Most people accept that true happiness is more than a jumble of intensely positive feelings—it's probably better described as a sense of "peace" or "contentedness." Regardless of how it's defined, happiness is partly emotional—and therefore tethered to the truth that each individual's feelings have a natural set point, like a thermostat, which genetic baggage and personality play a role in establishing. Yes, positive events give you a boost, but before long you swing back toward your natural set point.
True happiness lasts longer than a burst of dopamine, however, so it's important to think of it as something more than just emotion. Your sense of happiness also includes cognitive reflections, such as when you give a mental thumbs-up or thumbs-down to your best friend's sense of humor, the shape of your nose, or the quality of your marriage. Only a bit of this sense has to do with how you feel; the rest is the product of mental arithmetic, when you compute your expectations, your ideals, your acceptance of what you can't change—and countless other factors. That is, happiness is a state of mind, and as such, can be intentional and strategic.
Regardless of your emotional set point, your everyday habits and choices—from the way you operate in a friendship to how you reflect on your life decisions—can push the needle on your well-being. Recent scholarship documenting the unique habits of those who are happiest in life even provides something of an instruction manual for emulating them. It turns out that activities that lead us to feel uncertainty, discomfort, and even a dash of guilt are associated with some of the most memorable and enjoyable experiences of people's lives. Happy people, it seems, engage in a wide range of counterintuitive habits that seem, well, downright unhappy.
A Blind Eye To Life's Vicissitudes 
The benefit of seeing the forest but not the trees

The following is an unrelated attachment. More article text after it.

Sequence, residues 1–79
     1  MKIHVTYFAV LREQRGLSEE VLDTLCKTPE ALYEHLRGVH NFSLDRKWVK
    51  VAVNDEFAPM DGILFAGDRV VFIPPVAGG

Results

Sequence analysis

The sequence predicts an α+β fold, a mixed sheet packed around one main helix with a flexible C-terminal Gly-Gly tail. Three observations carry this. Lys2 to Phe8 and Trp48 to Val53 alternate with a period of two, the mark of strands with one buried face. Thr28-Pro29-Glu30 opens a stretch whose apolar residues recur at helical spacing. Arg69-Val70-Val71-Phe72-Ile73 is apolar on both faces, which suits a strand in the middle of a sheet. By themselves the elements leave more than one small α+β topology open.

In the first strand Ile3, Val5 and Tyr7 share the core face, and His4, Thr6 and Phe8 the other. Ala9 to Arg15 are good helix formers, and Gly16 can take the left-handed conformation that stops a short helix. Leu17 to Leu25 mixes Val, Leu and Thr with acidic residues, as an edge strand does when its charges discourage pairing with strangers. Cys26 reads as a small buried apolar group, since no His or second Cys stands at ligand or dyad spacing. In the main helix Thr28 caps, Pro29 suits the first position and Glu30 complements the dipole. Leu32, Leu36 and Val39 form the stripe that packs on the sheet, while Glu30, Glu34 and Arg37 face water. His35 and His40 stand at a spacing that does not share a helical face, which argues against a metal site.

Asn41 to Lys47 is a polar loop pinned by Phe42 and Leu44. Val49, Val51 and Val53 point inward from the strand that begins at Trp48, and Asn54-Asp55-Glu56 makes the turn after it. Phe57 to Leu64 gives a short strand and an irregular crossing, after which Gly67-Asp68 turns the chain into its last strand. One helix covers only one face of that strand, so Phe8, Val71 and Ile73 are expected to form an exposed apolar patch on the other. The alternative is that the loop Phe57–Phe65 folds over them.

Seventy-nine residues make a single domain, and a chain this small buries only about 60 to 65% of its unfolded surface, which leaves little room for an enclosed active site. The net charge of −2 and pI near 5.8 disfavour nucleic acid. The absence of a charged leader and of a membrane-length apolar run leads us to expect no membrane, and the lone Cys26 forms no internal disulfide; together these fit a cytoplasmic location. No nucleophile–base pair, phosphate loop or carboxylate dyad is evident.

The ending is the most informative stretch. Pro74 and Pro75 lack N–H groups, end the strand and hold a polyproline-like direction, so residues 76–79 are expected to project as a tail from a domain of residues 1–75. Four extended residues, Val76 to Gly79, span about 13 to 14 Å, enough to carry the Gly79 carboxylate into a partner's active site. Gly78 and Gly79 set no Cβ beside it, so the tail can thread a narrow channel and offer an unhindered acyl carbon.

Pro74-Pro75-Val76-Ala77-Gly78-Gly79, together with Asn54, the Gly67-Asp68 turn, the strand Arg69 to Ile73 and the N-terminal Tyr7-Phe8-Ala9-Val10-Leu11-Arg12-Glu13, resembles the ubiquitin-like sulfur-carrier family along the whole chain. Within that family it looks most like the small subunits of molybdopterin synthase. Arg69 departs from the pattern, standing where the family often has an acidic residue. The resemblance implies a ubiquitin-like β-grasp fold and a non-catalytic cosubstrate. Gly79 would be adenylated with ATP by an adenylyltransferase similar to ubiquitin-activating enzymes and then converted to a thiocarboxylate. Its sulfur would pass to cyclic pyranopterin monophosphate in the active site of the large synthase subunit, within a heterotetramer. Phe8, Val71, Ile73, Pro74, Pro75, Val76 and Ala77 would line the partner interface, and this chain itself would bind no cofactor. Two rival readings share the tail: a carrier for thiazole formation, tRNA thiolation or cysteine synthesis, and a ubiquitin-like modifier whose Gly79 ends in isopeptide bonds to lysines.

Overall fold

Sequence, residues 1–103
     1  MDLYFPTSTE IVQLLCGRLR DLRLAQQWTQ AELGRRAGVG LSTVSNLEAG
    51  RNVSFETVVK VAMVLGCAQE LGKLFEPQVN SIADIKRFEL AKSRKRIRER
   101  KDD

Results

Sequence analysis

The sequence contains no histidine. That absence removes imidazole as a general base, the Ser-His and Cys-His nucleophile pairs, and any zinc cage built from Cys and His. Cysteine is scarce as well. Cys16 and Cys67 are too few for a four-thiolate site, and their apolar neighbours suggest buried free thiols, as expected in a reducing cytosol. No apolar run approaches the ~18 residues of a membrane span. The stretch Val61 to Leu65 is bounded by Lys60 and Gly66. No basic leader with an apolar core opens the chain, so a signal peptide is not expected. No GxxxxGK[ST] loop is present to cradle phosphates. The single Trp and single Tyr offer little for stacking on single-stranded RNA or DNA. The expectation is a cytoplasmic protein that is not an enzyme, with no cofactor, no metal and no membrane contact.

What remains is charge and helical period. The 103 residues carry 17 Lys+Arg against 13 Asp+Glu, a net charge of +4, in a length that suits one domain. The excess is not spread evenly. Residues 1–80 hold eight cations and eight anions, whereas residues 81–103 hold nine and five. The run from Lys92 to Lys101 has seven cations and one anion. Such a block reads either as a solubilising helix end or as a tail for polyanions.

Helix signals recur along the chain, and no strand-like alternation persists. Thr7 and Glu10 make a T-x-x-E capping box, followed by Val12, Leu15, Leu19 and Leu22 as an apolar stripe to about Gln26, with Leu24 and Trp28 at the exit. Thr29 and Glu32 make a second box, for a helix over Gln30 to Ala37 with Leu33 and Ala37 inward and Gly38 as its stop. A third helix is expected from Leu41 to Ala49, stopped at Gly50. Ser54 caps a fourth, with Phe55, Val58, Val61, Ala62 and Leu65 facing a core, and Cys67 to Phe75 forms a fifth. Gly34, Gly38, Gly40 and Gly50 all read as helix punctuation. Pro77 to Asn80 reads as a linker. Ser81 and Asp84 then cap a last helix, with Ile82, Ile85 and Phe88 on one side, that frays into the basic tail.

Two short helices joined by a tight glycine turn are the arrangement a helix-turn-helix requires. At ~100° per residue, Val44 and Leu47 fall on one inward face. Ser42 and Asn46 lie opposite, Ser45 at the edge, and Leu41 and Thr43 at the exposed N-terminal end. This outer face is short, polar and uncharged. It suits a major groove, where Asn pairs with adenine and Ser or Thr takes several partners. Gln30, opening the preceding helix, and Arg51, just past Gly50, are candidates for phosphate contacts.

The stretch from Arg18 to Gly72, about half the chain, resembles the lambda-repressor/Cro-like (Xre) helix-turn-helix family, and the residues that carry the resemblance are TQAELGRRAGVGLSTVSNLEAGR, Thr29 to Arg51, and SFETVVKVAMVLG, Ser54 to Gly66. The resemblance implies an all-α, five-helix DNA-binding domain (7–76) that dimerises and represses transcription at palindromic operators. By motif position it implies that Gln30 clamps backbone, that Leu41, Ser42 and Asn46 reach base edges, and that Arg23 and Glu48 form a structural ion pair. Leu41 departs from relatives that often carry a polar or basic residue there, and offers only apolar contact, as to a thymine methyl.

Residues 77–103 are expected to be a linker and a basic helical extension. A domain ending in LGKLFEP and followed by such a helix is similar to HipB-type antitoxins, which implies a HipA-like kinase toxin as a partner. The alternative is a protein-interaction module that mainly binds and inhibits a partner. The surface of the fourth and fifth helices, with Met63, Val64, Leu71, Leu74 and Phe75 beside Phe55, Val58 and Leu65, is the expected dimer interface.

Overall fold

A standard criticism of happy people is that they're not realistic—they sail through life blissfully unaware of the world's ills and problems. Satisfied people are less likely to be analytical and detail-oriented. A study led by University of New South Wales psychologist Joseph Forgas found that dispositionally happy people—those who have a general leaning toward the positive—are less skeptical than others. They tend to be uncritically open toward strangers and thus can be particularly gullible to lies and deceit. Think of the happy granny who is overcharged at the car dealership by the smiling salesperson compared with more discerning, slightly less upbeat consumers.
Certainly having an eye for the finer points can be helpful when navigating the complicated social world of colleagues, acquaintances, and dates—and it's something the less sunny among us bring to bear. In fact, Virginia Commonwealth University psychologist Paul Andrews has argued thatdepression is actually adaptive. Depressed people, the logic goes, are more likely than others to reflect on and process their experiences—and thereby gain insight into themselves or the human condition—albeit at an emotional price. A little attention to detail helps with a more realistic evaluation of the social world.
Yet too much attention to detail can interfere with basic day-to-day functioning, as evidenced by research from Queen's University psychologist Kate Harkness, who found that people in a depressed mood were more likely to notice minute changes in facial expressions. Meanwhile, happy people tend to overlook such second-to-second alterations—a flash of annoyance, a sarcastic grin. You probably recognize this phenomenon from interactions you've had with your partner. While in a bad mood we tend to notice the tiniest shifts and often can't seem to disengage from a fight ("I saw you roll your eyes at me! Why did you do that!?!"), whereas when we're in a good mood, we tend to brush off tiny sleights ("You tease me, but I know you love being around me"). The happiest people have a natural emotional protection against getting sucked in by the intense gravitational pull of little details.